Scotiabank Went ‘Too Downmarket’ on U.S. Energy Loans, CEO Says

Bank of Nova Scotia took too much risk on U.S. energy companies -- a move that resulted in the majority of soured loans for Canada’s third-largest lender, Chief Executive Officer Brian Porter said.

“We went a little bit too downmarket in the U.S., and that’s where the bulk of our loan losses have been," Porter, 58, said Wednesday during an investor conference in Toronto sponsored by his bank. “That sometimes happens throughout a cycle and we’re mindful of that."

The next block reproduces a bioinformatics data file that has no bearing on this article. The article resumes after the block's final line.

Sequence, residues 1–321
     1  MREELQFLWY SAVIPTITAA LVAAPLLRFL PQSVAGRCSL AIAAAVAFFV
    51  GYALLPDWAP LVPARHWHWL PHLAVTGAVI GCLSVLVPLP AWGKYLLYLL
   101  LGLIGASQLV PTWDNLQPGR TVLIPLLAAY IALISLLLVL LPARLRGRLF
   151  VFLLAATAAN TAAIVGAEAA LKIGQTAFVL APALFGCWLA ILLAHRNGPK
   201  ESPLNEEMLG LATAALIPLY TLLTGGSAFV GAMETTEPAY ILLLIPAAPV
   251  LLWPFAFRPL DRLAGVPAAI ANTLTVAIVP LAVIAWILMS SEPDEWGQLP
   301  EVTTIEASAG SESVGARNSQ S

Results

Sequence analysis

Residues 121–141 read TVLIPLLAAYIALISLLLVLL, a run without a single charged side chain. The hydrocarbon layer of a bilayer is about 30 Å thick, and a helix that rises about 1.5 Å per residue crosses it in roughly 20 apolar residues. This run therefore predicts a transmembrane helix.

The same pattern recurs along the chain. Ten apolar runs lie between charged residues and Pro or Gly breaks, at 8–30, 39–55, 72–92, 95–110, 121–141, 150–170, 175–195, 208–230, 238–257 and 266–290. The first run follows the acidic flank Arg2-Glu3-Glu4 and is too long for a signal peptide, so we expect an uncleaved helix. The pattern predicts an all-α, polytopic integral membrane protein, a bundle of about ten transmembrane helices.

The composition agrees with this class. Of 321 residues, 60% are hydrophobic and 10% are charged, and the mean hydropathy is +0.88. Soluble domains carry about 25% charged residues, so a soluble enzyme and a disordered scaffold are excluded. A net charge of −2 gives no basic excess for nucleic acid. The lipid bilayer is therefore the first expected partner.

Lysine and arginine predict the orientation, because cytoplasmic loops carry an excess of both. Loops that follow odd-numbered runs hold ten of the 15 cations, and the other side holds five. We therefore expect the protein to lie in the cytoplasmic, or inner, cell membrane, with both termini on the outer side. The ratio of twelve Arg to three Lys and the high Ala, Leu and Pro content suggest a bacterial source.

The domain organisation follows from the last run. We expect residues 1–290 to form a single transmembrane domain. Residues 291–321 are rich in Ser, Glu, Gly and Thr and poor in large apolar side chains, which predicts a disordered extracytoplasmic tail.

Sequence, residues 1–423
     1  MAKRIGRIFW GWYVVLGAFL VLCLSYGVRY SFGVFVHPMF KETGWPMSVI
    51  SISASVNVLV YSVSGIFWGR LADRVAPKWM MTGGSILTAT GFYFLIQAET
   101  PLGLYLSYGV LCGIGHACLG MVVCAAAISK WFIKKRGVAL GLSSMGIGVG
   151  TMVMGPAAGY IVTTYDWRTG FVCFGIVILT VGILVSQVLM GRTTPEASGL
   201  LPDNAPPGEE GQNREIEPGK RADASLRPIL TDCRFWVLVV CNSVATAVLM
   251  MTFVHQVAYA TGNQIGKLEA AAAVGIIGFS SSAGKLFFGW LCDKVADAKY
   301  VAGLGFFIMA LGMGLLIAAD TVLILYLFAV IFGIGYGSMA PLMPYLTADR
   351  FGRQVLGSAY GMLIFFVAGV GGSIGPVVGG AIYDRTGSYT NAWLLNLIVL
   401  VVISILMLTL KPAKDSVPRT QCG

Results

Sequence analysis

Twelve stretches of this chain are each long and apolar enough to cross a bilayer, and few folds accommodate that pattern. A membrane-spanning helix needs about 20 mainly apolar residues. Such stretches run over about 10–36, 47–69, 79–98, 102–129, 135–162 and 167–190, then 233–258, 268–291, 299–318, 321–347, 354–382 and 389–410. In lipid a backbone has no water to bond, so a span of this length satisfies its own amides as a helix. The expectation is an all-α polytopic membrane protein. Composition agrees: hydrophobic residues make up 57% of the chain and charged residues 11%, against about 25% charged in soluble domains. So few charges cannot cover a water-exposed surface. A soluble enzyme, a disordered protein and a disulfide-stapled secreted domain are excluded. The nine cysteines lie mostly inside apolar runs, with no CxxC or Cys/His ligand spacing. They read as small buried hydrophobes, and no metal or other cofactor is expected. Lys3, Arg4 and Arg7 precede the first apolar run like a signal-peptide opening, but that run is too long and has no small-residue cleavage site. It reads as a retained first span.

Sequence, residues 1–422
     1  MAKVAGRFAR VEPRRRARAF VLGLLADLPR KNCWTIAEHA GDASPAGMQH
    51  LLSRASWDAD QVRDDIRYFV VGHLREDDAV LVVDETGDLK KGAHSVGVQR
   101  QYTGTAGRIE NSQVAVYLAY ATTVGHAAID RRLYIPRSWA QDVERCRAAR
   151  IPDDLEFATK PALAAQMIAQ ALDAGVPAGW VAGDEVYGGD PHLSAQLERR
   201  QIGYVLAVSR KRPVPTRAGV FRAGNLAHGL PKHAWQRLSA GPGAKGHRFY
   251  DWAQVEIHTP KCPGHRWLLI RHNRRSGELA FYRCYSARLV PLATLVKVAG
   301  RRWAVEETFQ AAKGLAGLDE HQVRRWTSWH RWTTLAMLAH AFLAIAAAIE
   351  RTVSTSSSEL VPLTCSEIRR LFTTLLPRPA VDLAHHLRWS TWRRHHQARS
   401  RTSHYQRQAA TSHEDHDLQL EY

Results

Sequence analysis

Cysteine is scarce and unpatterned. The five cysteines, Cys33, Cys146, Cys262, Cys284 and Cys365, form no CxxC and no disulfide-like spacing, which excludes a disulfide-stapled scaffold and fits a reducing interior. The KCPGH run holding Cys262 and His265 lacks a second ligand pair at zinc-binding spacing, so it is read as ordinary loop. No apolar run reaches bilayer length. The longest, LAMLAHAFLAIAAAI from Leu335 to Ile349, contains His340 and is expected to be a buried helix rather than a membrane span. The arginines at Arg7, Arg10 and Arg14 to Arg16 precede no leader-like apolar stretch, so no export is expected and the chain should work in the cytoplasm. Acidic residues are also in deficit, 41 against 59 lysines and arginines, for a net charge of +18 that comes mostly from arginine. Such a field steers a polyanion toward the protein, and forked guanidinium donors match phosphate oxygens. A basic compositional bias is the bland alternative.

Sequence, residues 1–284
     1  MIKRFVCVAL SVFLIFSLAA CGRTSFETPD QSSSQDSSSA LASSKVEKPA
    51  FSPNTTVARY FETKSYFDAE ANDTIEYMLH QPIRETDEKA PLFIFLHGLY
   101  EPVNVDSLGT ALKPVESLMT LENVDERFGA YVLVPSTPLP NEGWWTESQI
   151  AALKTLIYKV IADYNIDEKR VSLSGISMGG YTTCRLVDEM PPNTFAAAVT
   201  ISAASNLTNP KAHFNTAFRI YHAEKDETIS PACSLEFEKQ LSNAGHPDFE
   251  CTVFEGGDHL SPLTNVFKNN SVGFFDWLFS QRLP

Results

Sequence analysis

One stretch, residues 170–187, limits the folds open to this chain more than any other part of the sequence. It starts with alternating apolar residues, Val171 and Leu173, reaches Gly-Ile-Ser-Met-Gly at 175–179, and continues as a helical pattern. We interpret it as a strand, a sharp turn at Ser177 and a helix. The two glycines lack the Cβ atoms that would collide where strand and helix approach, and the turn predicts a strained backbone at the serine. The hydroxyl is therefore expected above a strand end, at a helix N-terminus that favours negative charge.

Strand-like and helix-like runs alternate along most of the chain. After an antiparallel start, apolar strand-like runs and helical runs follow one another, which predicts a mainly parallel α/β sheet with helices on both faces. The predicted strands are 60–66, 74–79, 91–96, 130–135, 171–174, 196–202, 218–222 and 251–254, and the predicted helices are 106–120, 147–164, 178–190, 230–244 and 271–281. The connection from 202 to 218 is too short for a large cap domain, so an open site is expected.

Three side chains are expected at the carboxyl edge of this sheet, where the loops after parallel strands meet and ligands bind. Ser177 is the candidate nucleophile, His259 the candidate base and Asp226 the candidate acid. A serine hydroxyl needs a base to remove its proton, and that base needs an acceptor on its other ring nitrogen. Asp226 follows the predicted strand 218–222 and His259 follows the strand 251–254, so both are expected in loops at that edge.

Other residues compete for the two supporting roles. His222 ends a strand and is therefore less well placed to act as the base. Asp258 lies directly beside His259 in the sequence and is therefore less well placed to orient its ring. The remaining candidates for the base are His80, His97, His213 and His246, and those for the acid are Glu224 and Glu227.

Scotiabank, which has the most oil-and-gas loans among Canada’s lenders, said impaired energy loans in the fiscal third quarter rose to C$368 million ($287 million) from C$351 million in the second quarter and C$96 million a year earlier. Scotiabank had C$16.1 billion of energy loans as of July 31, down from C$16.3 billion at the end of April.

“A large part of our portfolio is investment grade, we’re comfortable with it, we’re comfortable with the quality of assets and we’re comfortable with management’s ability to execute," Porter said of the oil-and-gas loan portfolio, adding that energy “will continue to be an important business for the bank."

Before it's here, it's on the Bloomberg Terminal.